Journal of Cytology & Histology

ISSN: 2157-7099

Open Access

Volume 14, Issue 1 (2023)

Research Article Pages: 1 - 4

Evaluation of a Morphometric Density Approach for Quantitation of Pneumonia Severity using a Murine Influenza Model

Floyd D. Wilson*, Lanny W. Pace and Frederic J. Hoerr

DOI: 10.37421/2157-7099.2023.14.671

Routine 5 μm H&E-stained lung sections were utilized to investigate the capability of histomorphometry for determining pneumonia severity using a murine influenza model. Lung density was measured using the NIH ImageJ software program and the results for binary digital images were compared to corresponding results for semiquantitative pneumonia severity scoring. Lung samples from mice exposed (inoculated controls or IC) or not exposed (non-inoculated controls or NC) to influenza virus were evaluated at 3-, 5-, 7-, 10- and 15-days following exposure. On day 15 the mean density and standard deviation for NC at 25-x were 106 ± 23.6 and for IC 154.9 ± 36.3, and the difference was significant (p ≥ 0.05). Using 400-x measurements NC values were 68.1 ± 8.5 and IC 96.8 ± 16.1 and significant. Significant differences were present at either magnification in the occurrence of “morphometric pneumonia” (defined as density values above the upper 95% confidence interval of controls). Density measurements @ 25-x were moderately correlation with pneumonia severity scores (correlation coefficient or r=0.55), but measurements @ 400-x were strongly correlation with scores (r=0.75). The approach provides a simple, rapid, and inexpensive method for the quantification of pneumonia using free digital software and routine microscopy. It also provides a quantitative method for validation of semiquantitative severity scoring of pneumonia.

Mini Review Pages: 1 - 2

Nerve Bioprocess: Cells, Growth Factors, Scaffolds and Manufacturing

Laura Ciriza*

DOI: 10.37421/2157-7099.2023.14.672

Tendon injuries are a worldwide health issue that affects millions of people each year. Tendons' properties make natural rehabilitation a complex and time-consuming process. Tissue engineering is a new discipline that has emerged as a result of the advancements in the fields of biomaterials, bioengineering, and cell biology. Diverse approaches have been proposed within this discipline. The obtained results are promising, as more complex and natural tendon-like structures are obtained. The nature of the tendon and the conventional treatments that have been used thus far are highlighted in this review. Then, a comparison of the various tendon tissue engineering approaches proposed to date is made, focusing on each of the elements required to obtain structures that allow adequate regeneration of the tendon: growth factors, cells, scaffolds and techniques for scaffold development.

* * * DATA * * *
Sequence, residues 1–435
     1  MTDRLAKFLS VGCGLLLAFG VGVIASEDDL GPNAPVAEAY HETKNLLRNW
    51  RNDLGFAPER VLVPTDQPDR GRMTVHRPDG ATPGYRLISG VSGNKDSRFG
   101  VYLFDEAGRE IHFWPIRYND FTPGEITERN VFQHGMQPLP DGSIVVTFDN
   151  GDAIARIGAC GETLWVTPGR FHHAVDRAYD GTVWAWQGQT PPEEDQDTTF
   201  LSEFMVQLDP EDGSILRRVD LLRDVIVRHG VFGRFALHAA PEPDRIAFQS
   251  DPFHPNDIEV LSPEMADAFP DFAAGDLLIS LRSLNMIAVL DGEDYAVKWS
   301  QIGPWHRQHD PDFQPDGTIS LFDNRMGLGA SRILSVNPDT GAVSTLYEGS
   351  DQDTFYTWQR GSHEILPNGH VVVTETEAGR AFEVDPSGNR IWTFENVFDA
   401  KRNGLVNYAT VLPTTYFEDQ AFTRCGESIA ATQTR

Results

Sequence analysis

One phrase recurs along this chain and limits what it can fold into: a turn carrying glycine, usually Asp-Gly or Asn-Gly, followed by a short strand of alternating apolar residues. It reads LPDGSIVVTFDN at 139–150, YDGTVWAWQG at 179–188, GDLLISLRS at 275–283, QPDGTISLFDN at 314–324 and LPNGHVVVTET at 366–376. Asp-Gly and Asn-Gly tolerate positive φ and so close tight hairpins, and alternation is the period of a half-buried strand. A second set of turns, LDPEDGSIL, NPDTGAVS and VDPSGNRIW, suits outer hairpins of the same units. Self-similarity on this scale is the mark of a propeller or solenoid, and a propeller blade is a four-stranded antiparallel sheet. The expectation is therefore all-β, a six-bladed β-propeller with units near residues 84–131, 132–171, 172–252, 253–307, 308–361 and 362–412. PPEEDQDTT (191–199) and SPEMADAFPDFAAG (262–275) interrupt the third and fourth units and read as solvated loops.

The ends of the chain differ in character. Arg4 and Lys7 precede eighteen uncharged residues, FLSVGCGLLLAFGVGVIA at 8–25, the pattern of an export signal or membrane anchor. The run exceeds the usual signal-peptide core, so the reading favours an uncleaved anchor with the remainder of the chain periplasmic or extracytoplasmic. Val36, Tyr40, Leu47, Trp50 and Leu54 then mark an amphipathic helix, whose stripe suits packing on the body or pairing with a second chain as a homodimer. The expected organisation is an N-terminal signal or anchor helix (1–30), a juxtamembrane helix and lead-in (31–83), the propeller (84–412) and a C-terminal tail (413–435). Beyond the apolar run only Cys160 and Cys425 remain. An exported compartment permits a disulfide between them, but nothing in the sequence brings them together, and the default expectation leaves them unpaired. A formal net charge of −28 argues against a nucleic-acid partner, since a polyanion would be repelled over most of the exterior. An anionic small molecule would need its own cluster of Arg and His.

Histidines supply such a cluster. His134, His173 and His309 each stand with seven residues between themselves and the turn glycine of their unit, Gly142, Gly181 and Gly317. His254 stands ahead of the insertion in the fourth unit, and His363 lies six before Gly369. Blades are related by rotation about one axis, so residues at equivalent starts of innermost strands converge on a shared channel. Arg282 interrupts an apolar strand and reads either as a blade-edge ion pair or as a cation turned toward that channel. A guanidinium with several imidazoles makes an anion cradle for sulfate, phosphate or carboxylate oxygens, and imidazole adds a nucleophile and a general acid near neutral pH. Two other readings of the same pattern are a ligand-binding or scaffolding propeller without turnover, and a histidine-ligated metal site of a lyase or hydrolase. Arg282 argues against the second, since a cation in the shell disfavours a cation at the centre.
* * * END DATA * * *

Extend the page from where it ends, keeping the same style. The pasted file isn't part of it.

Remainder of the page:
Mini-Review Pages: 1 - 2

The Role of Pectin Phase Separation in Plant Cell Wall Assembly and Growth

Alexis Wightman*

DOI: 10.37421/2157-7099.2023.14.673

A growing body of literature suggests that phase separation within polymer mixtures drives many biological processes. The formation of membraneless organelles by liquid-liquid phase separation is thought to play a variety of roles in cell metabolism, gene regulation, and signalling. One of the characteristics of these systems is that they are poised at phase transition boundaries, which makes them perfectly suited to elicit robust cellular responses to often very small changes in the cell's "environment". Recent findings suggest that phase separation not only plays a role in wall patterning, hydration, and stress relaxation during growth, but may also be a driving force for cell wall expansion in the semisolid environment of plant cell walls.

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Citations: 2144

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